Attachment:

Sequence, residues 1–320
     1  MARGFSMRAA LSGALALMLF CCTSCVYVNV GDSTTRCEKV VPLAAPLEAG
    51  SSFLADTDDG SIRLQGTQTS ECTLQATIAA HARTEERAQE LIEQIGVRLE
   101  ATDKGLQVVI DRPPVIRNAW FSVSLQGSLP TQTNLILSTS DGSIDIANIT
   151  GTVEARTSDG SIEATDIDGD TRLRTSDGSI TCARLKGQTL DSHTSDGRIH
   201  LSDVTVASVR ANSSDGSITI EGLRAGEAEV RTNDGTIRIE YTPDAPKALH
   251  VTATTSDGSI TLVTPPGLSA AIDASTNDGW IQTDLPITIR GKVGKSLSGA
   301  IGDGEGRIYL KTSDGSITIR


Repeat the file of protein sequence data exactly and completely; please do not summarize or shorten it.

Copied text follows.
Sequence, residues 1–320
     1  MARGFSMRAA LSGALALMLF CCTSCVYVNV GDSTTRCEKV VPLAAPLEAG
    51  SSFLADTDDG SIRLQGTQTS ECTLQATIAA HARTEERAQE LIEQIGVRLE
   101  ATDKGLQVVI DRPPVIRNAW FSVSLQGSLP TQTNLILSTS DGSIDIANIT
   151  GTVEARTSDG SIEATDIDGD TRLRTSDGSI TCARLKGQTL DSHTSDGRIH
   201  LSDVTVASVR ANSSDGSITI EGLRAGEAEV RTNDGTIRIE YTPDAPKALH
   251  VTATTSDGSI TLVTPPGLSA AIDASTNDGW IQTDLPITIR GKVGKSLSGA
   301  IGDGEGRIYL KTSDGSITIR